A protected tiger salamander required zero disturbances in any native habitat areas. As a result of the tiger salamander habitat locations, there are several radii in the solar array property which allows designated setback.

  • Crossing the Long Island Rail Road (LIRR)

Crossing a railroad easement with the electrical conductors which deliver the solar farm’s energy to the Long Island Power Authority’s substation was all new to us. We obtained a permit from the Long Island Rail Road to provide a path for the solar farm’s conductors.

  • Governmental Entity

Ok, we have done governmental projects before but we did not know what it would be like to help secure easements and lease land from the US Department of Energy (DOE) and Brookhaven National Labs (BNL). In fact, the DOE and BNL turned out to be great partners.

  • Native Pine Barren Forestland

There were trees and undergrowth removed from this site to accommodate the PV system. However the designated Central Pine Barrens forests were untouched. We worked diligently with the Pine Barrens conservancy group to ensure there was no harm to this native forestland. Boundaries were surveyed to ensure any development was within the land areas designated for development by the conservation.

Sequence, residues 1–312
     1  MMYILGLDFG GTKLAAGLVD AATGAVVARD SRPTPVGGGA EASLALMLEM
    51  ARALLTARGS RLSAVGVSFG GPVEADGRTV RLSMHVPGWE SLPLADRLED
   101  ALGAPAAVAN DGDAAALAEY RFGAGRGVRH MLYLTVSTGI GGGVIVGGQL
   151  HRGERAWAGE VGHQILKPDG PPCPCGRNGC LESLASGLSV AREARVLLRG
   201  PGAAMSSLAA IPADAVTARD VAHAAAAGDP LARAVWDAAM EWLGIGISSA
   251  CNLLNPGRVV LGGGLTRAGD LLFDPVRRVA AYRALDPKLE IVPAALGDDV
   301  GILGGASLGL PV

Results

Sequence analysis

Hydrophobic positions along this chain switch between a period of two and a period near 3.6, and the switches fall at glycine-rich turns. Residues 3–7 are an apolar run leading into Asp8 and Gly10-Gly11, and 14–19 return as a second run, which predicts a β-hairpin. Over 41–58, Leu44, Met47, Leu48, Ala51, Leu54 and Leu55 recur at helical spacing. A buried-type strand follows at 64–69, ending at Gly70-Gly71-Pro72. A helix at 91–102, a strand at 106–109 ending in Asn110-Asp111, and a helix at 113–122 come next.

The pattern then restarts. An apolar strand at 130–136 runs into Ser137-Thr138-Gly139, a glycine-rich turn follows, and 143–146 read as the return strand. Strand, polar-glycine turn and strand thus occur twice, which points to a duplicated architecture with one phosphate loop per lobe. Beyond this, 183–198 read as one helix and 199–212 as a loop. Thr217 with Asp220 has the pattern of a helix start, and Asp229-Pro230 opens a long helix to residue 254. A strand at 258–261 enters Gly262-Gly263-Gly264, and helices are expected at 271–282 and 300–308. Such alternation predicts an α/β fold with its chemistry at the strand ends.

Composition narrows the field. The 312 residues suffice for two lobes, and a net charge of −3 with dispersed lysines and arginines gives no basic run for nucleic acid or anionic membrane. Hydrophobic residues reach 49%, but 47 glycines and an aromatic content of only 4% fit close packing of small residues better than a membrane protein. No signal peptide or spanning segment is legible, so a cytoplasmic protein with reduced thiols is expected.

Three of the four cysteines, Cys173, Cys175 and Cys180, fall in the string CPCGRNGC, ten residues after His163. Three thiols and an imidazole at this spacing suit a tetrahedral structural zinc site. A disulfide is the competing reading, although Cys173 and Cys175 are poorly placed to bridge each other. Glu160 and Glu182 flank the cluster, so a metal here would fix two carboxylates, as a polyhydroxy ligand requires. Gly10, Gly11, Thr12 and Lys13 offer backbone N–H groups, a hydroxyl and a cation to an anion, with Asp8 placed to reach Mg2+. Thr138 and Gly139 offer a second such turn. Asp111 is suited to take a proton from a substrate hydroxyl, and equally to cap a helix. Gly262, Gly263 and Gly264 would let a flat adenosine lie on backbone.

• Topographic Variation and Grading

There was a major effort to remove the existing vegetation but not change the current topography of the site in order to ensure the same drainage patterns to the wetlands.  As a result the non-uniform site ranged from nearly flat to hilly across the field.  We were able to design the site in three dimensions in order to ensure the shading, ground clearances and spacing was properly accounted for in order to match the energy production & economic models remained valid.

  • Conductor design Based on Soil Resistivity

The underground solar field electrical conductors were specifically sized for the soil resistivity, which is a measure of how much the soil’s properties will resist the flow of electricity. It is an important factor in designing an efficient underground electrical system. The soil resistivity and how it varies in the soil is also necessary to properly design the electrical substation’s grounding system.